This week we’re talking about . . . the demise of Pebble

Despite selling two million watches, time has run out for the wearable tech firm

Fitbit founder James Park: bought Pebble – or some of its key assets  – for $40m. Photograph: David Paul Morris/Bloomberg

Fitbit founder James Park: bought Pebble – or some of its key assets – for $40m. Photograph: David Paul Morris/Bloomberg

 

Pebble, the one-time darling of the wearable tech market and the crowdfunding scene, has called time on its operation.

Despite selling more than 2 million of its watches and notching up one of the most successful crowdfunding campaigns on Kickstarter, it seems it just wasn’t enough. There will be no more Pebbles made or sold through Pebble’s site. It’s the end of an era, albeit a relatively short one.

What happened?

Wearable tech firm Fitbit announced earlier this week that it had bought Pebble – or some of its key assets at least – for a rumoured price tag of up to $40 million (€66 million). That’s a bargain when you consider it had previously been courted with offers of more than $700 million, and only a few months ago, Intel offered $70 million for the company. Chief executive and founder Eric Migicovsky turned them all down.

For $40 million, Fitbit is getting Pebble’s software, intellectual property and taking on Pebble engineers. The one thing it’s not buying? The hardware.

Pebble, on the other hand, will get its debts just about covered, if the whispers are true.

In a blog post, Migicovsky delivered the bad news. “Pebble is no longer able to operate as an independent entity. We have made the tough decision to shut down the company and no longer manufacture Pebble devices,” he wrote.

“It’s a bittersweet day, but I want to extend my biggest thanks to the Pebble community. Personally, one of the best feelings ever is spotting you on the train, running through an airport or finishing a bike ride and checking your Pebble. If you catch me staring at your wrist (I’ll be the tall guy wearing a Pebble T-shirt), stop me and say, ‘Hi’. If you’re wearing your Pebble, a drink is on me!”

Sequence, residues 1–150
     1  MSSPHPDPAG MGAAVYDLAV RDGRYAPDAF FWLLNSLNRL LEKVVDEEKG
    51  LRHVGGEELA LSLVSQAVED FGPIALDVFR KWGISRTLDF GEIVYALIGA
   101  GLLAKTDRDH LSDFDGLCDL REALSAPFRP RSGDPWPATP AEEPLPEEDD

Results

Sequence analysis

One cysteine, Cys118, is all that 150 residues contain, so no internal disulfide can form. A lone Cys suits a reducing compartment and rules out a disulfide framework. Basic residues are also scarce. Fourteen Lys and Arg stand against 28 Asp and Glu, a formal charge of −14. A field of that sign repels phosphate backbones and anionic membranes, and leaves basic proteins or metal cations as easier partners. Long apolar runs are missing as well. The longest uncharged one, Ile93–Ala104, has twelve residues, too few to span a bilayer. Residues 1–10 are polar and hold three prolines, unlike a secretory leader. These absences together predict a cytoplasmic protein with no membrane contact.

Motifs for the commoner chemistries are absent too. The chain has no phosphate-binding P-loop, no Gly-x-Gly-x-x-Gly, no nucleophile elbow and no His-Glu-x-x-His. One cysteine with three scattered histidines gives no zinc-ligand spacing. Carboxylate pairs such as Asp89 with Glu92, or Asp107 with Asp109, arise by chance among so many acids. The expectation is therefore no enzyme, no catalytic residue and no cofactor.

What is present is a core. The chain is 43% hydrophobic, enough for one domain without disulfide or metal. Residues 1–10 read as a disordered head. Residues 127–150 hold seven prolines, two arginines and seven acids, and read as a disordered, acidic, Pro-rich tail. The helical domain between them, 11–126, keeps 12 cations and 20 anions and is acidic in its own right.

I own a Pebble. What does this mean for me?

Nothing in the immediate future. But over time, you might find that your Pebble does less than you hope. Warranty support for Pebble products is also finished, so if anything goes wrong you’ll have to depend on the company’s support page and forum.

There is no real good news here. But wearables aren’t designed to last more than a couple of years anyway thanks to software upgrades and hardware advances, so you were probably always going to end up buying a new one in a couple of years.

What about the Time 2 and the other new products Pebble was planning?

The company said it would not be making any more Pebbles. That means no Time 2 or Core, and if you backed them on Kickstarter already but haven’t got your product already, you’ll be getting your money back shortly.

The company is also honouring refunds for watches returned before December 7th. If you bought one just before the deal was announced, it’s up to the individual shops to decide if you can get your money back or swap it for a smartwatch that isn’t facing extinction.

What is Fitbit going to do with Pebble’s assets?

The company hasn’t given much away, but it is pushing into the health market more and more, so the Pebble acquisition may well be a way to accelerate this.

What does this mean for the rest of the wearable market?

Who knows? It’s not a good endorsement, but it’s by no means the first one to throw in the towel. Wearables haven’t managed to hit the mainstream in the way that people hoped they would, probably leading to Pebble’s demise.

In the meantime, competition in the market has ramped up a lot, with Apple throwing its hat in the ring along with Samsung, LG, Huawei and a multitude of others. Motorola isn’t planning on making any more of its Moto 360 watches for the foreseeable future.

It doesn’t mean wearable tech is dead, but it’s certainly a sign that consumers aren’t rushing to embrace it in quite the amount that some companies hoped.

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